Stroke Recovery: Tips for the Caregiver
Coming Home After a Stroke continued...
Be prepared for behavior or mood changes. The losses from stroke, whether temporary or permanent, can be devastating to the survivor. "There are a lot of emotions that crop up after a stroke," Fermental says. "Try not to tell your loved one that you know how they feel, because you really can't know," she says. Instead, offer your love, patience, and support. It can be hard to see a loved one suffer, but feeling grief is a necessary step toward accepting life after stroke.
Be on the lookout for depression. Stroke survivors are at risk for depression -- from 30% to 50% are affected. Depression can interfere with your loved one's recovery. Ask his or her doctor what to look for and seek treatment right away if you see signs of depression.
Know the risk factors for a second stroke. Having a stroke puts survivors at a higher risk for a second stroke, so it's important to help minimize that risk. Prepare healthy, low-fat meals, encourage exercise, make your home a smoke-free zone, and be sure your loved one takes medications as prescribed and keeps doctor appointments.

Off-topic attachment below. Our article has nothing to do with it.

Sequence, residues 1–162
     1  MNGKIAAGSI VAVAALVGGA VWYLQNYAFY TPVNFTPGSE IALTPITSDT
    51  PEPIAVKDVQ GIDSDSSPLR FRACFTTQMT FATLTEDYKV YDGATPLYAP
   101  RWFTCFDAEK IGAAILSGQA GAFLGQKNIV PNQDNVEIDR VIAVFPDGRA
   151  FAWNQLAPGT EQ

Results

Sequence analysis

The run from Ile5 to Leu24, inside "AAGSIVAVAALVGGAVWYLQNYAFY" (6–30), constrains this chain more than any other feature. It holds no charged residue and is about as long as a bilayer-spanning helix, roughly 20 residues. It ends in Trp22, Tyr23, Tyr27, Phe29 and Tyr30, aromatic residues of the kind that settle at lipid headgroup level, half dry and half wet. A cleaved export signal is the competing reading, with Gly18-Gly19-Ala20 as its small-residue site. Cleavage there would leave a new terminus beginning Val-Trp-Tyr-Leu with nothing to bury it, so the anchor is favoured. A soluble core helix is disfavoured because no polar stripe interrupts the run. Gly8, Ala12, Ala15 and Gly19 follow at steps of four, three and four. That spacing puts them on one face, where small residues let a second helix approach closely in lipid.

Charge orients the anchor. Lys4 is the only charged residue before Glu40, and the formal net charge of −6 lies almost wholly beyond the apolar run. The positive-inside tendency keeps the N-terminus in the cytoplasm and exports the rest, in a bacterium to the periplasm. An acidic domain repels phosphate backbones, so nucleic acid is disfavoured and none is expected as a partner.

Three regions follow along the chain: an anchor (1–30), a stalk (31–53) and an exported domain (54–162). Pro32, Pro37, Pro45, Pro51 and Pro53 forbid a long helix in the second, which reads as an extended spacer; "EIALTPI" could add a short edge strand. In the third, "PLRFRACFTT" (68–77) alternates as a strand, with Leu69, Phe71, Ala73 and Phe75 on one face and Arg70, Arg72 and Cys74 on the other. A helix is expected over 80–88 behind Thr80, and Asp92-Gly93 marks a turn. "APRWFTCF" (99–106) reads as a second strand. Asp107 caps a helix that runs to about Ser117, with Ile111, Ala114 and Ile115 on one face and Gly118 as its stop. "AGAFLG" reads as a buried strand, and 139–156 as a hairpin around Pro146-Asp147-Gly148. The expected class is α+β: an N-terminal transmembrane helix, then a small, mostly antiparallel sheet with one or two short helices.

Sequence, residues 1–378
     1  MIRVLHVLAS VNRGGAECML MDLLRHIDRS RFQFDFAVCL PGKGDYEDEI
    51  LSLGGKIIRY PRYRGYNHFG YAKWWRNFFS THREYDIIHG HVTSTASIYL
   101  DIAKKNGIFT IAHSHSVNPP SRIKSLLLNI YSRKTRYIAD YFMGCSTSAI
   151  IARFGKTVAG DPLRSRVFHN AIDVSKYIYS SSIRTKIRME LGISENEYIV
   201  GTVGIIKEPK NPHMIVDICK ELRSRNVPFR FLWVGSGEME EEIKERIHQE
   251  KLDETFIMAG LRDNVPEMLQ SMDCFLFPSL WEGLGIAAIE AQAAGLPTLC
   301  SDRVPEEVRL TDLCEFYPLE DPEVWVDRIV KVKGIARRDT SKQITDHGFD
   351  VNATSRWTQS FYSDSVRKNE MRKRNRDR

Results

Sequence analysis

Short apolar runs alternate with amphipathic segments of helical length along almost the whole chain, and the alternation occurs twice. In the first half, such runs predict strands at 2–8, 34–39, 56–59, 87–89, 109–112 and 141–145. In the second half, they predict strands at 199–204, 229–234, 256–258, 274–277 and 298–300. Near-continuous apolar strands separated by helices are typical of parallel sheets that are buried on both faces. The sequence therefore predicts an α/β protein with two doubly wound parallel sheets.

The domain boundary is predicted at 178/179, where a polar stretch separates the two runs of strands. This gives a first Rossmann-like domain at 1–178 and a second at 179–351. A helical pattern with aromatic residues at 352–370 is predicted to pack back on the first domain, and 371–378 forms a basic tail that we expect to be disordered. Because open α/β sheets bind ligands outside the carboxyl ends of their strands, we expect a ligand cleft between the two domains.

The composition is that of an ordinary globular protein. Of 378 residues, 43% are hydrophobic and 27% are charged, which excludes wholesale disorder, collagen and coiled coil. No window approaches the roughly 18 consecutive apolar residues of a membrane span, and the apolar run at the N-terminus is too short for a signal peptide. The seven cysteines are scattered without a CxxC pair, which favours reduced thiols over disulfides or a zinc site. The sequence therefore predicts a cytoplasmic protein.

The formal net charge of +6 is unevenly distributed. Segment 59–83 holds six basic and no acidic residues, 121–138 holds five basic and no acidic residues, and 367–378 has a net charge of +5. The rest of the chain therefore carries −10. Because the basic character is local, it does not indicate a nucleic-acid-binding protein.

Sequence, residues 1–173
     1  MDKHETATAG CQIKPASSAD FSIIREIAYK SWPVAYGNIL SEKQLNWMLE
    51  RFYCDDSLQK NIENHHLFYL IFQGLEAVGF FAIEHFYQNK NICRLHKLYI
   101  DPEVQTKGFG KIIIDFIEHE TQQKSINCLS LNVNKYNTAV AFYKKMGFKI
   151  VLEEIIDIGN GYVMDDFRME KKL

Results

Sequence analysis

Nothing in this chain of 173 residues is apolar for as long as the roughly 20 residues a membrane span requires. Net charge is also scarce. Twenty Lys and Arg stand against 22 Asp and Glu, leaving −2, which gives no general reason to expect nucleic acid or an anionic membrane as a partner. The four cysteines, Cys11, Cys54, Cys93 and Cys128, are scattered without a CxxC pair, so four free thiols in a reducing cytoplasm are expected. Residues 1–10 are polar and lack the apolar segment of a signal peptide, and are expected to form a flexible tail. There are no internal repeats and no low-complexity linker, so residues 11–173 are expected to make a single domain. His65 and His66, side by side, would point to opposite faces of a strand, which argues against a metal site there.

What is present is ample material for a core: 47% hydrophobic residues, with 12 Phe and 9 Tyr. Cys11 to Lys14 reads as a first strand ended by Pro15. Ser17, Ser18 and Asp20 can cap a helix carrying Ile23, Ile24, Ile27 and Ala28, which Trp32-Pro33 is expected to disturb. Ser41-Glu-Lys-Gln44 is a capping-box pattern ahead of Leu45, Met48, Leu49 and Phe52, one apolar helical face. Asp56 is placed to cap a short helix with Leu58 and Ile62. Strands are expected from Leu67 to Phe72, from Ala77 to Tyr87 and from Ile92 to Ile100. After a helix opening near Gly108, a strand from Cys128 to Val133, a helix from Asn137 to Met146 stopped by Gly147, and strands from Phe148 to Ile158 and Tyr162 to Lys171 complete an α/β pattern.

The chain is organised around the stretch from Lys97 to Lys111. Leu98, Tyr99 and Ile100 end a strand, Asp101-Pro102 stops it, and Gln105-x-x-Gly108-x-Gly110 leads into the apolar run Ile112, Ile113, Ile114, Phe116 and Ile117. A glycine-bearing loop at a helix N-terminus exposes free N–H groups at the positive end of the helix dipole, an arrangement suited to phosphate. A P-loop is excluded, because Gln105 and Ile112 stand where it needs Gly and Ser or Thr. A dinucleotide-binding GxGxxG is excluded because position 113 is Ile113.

Seek help from outside sources. Getting outside help can make all the difference in your ability to balance your life with your loved one's needs. Respite care can give you time apart so that you can relax and rejuvenate. Family members or friends may be able to come in for a few hours a week, or you may want to consider hiring a care provider. Other types of assistance may include homemaker services, adult day care, Meals on Wheels, and transportation services.
You can find services in your area by going to the Eldercare Locator web site maintained by the U.S. Administration on Aging. The Family Caregiver Alliance also maintains a web site where you can find information and resources for caregivers. You can also contact Family Caregiver Alliance by phone at (800) 445-8106.
Learn to say "yes." "If friends ask you if they can help, always take them up on it," Selenick says. "If you don't need help right away, see if they are willing to commit to something specific later on." You may want to prepare a list ahead of time with different tasks people can do -- from grocery shopping and housework to helping manage finances and even providing care.